(CBS4) – After a summer of protests in downtown Denver and calls for police reform, the city joined a task force to address changes moving forward. Months later, the Denver Department of Safety says Denver police officers will stop attending those meetings.

Denver Police Chief Paul Pazen links arms with people protesting the death of George Floyd on June 1, 2020 in Denver.

Denver Police Chief Paul Pazen links arms with people protesting the death of George Floyd on June 1 in Denver. (Photo by Michael Ciaglo/Getty Images)

The Task Force to Reimagine Policing and Public Safety started after the Black Lives Matter protests eight months ago. Now, Denver police officers and the Department of Safety have pulled out of the community-led effort. The purpose of the task force was to create dialogue, and eventually provide suggestions for the City of Denver to consider when it comes to policing policies and criminal justice.

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“The voices of the police officers, and the public safety personnel on the committee, have been silenced,” said Denver Department of Safety Director Murphy Robinson. “We were hoping that it would be representative of the community, but it wasn’t.”

Robinson says involvement with the task force no longer makes sense, after Department of Safety officials and DPD officers felt their opinions and perspectives on policing and criminal justice were not considered as part of the community conversation.

In an email to the task force, Robinson says Denver police officers were recently uninvited to participate in a community meeting about changes to policing.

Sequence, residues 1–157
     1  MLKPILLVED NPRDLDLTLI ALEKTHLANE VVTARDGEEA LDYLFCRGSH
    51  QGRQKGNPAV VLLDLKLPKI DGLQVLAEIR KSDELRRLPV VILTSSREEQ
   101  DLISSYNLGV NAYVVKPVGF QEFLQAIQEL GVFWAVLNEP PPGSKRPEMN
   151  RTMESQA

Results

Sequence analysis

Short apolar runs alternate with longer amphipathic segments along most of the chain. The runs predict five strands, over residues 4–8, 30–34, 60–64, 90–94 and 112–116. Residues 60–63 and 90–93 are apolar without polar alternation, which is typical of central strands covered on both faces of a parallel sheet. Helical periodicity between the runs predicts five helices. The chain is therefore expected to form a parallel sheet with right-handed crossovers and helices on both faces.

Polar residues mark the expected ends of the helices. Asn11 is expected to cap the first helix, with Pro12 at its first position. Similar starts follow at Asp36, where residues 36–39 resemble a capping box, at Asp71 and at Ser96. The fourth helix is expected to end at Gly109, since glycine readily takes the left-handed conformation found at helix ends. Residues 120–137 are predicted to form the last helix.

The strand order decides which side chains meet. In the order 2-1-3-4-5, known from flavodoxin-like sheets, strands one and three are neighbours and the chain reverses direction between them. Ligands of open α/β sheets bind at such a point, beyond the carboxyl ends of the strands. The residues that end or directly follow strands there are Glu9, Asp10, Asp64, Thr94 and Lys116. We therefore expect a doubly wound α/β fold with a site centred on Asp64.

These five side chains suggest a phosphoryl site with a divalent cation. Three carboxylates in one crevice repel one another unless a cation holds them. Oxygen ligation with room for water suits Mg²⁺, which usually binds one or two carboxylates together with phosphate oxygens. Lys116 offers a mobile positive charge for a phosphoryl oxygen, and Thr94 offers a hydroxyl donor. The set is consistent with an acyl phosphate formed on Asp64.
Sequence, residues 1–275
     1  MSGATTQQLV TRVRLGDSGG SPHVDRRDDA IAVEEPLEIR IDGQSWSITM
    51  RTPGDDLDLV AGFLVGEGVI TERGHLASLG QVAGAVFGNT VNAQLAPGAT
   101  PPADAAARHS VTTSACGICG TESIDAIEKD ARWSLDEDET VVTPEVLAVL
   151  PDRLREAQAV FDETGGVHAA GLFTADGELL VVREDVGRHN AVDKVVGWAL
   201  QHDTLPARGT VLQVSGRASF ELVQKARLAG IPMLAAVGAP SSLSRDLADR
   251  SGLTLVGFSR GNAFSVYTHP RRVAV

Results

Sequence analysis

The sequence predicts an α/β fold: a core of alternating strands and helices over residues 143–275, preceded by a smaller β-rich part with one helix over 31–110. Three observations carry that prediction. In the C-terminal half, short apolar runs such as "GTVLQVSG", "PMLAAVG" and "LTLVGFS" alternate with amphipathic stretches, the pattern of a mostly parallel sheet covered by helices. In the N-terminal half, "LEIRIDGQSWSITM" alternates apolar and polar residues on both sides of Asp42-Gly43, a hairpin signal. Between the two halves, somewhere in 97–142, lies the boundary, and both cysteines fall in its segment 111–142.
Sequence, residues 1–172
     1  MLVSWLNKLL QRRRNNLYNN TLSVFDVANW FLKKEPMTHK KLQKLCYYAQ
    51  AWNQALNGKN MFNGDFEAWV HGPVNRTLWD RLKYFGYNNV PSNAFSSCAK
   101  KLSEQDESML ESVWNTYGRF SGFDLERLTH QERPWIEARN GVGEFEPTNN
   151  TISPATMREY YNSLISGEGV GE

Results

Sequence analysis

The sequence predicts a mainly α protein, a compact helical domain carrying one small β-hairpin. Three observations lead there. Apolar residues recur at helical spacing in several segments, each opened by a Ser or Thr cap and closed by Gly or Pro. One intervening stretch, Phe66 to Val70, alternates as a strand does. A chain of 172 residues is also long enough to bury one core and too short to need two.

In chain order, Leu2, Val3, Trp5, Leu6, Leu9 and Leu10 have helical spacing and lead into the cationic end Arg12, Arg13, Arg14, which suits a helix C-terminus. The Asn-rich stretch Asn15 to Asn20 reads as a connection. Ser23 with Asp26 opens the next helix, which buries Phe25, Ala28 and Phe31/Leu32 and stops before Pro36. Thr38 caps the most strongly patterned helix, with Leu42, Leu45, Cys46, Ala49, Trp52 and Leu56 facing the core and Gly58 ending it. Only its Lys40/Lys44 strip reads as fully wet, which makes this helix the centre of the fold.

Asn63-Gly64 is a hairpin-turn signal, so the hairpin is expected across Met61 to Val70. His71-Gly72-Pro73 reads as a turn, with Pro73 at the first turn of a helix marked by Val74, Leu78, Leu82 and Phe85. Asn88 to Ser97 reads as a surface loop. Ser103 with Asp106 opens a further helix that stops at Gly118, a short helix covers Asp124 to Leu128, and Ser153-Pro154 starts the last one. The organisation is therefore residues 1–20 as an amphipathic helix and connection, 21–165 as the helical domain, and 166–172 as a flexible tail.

“The last straw for me is when an email came out to my staff that asked them not to even attend the last meeting that they had because they felt that police officer attendance would be traumatizing,” Robinson said. “How can we have a hard conversation if we’re not able to attend?”

Task Force Coordinator Dr. Robert Davis emailed a response when the Department of Safety said it would no longer participate in community meetings.

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“We wanted to have a conversation about how police reform looks, how we progress through this, and what are the various frameworks that people are operating from,” Davis said. “For that one conversation, we asked law enforcement not to attend so that it could be a community conversation, and we were excited to have the police officers back after that meeting.”

Robinson says that won’t be happening anytime soon.

“We will no longer attend the task force as a member of the task force, because frankly we were never a member of the task force,” said Robinson. “We will not be on the task force as arm candy, essentially what was happening was we were asked to sit in on the meetings, and we were not able to participate.”

Police officers fire tear gas at protesters near the Colorado state capitol during a protest on May 29, 2020.

Police officers fire tear gas at protesters near the Colorado state capitol during a protest on May 29, 2020. (Photo by Michael Ciaglo/Getty Images)

Davis hopes the Department of Safety reconsiders. He believes this is not the time for law enforcement to disengage with the community.

“For anyone to say, ‘I don’t agree with you, so I’m not going to interact with you,’ this is not the time in the City of Denver to do that,” said Davis.

“This is a time for all of Denver to unite together so that we can show this nation that Denver is the model for how community and law enforcement and public safety is supposed to be done.”

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The Denver Department of Safety plans to unveil a new effort to engage the community in conversations and suggestions on criminal justice and police reform in the coming weeks. The task force, however, is moving forward with suggestions to Denver City Council and Mayor Hancock in March, even without input from the Department of Safety and Denver Police Department.